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degrees of freedom

Degrees of freedom, in a mechanics context, are specific, defined modes in which a mechanical device or system can move. The number of degrees of freedom is equal to the total number of independent displacements or aspects of motion. A machine may operate in two or three dimensions but have more than three degrees of freedom. The term is widely used to define the motion capabilities of robots.

Consider a robot arm built to work like a human arm. Shoulder motion can take place as pitch (up and down) or yaw (left and right). Elbow motion can occur only as pitch. Wrist motion can occur as pitch or yaw. Rotation (roll) may also be possible for wrist and shoulder.

Such a robot arm has five to seven degrees of freedom. If a complex robot has two arms, the total number of degrees of freedom is doubled. In an android, additional degrees of freedom exist in the end effectors, the legs and the head.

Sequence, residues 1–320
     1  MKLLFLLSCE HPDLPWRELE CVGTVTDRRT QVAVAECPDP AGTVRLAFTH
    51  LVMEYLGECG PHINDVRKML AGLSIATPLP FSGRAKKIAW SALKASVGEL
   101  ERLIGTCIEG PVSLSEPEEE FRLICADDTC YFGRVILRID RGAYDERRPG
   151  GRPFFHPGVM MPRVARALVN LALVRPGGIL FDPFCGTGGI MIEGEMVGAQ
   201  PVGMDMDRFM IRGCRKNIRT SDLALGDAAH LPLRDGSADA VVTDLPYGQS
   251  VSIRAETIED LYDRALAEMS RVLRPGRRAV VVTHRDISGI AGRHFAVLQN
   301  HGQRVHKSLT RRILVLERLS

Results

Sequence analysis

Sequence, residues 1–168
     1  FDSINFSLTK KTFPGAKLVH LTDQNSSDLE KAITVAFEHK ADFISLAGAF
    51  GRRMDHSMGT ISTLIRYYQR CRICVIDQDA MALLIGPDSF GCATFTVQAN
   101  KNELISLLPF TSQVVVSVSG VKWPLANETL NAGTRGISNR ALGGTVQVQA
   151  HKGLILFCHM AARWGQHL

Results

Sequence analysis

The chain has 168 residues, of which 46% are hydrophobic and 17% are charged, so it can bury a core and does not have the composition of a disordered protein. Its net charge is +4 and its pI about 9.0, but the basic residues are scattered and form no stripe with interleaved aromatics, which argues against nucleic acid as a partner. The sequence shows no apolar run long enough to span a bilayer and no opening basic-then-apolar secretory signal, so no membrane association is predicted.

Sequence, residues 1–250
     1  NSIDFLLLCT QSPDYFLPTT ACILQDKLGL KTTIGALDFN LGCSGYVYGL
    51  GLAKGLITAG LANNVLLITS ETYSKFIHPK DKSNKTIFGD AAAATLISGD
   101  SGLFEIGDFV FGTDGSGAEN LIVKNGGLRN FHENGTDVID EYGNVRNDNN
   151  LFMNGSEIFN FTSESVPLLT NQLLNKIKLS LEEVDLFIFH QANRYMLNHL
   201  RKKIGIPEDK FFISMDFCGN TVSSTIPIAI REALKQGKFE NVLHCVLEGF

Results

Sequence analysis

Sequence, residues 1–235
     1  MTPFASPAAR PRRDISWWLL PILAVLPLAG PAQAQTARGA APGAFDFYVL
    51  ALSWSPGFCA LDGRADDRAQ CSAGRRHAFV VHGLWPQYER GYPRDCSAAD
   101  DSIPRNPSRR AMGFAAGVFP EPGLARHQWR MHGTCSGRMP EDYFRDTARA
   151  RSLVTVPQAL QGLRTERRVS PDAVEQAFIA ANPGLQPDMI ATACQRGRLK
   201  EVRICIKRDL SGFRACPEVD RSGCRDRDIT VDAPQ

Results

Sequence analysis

Fully functional androids and multi-legged mobile robots can have more than 20 degrees of freedom. An example is Project Nao, an intelligent android designed for the consumer market. Nao, which looks superficially like a large space-age doll, has 25 degrees of freedom.

 

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This was last updated in July 2009

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